Privatizing Social Security means only one thing: The government wants to shirk the responsibility to pay guaranteed pensions to citizens who have paid into the system for their entire working lives, not to mention their employers, who match the employee contribution. Among the Republican proposals, this one is the most insidious and yes, even criminal. They lie and say they’re empowering citizens, when they’re robbing them.
McCain has walked back his statements, just a little. But not enough. Here’s what he says today:
John McCain supports supplementing the current Social Security system with personal accounts–but not as a substitute for addressing benefit promises that cannot be kept. John McCain will reach across the aisle, but if the Democrats do not act, he will. No problem is in more need of honesty than the looming financial challenges of entitlement programs. Americans have the right to know the truth and John McCain will not leave office without fixing the problems that threatens our future prosperity and power.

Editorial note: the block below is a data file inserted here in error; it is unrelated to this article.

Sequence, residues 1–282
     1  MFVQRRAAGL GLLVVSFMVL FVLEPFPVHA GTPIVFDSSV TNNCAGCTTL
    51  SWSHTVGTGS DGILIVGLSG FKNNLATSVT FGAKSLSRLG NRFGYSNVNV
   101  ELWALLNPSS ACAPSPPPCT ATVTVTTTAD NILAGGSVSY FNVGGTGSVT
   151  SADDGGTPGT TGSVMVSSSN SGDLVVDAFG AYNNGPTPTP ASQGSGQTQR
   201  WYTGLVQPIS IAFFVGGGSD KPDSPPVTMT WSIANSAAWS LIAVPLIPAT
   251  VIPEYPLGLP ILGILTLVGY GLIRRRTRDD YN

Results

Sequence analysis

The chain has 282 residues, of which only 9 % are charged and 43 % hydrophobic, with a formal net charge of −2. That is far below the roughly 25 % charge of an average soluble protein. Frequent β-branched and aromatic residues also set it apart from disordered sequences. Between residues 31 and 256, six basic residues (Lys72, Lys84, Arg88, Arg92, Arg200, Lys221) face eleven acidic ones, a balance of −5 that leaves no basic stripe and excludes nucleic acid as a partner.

Here’s what he said in 2004:
Q: Will privatizing Social Security be a priority for you going forward?
McCAIN: Without privatization, I don’t see how you can possibly, over time, make sure that young Americans are able to receive Social Security benefits.
In addition to the veiled contradiction, his current position is dishonest. Exposing the lies:
- Social Security is not an “entitlement program“. Social Security is paid for by employees and employers, as is Medicare. The benefits provided by Social Security are earned, not given.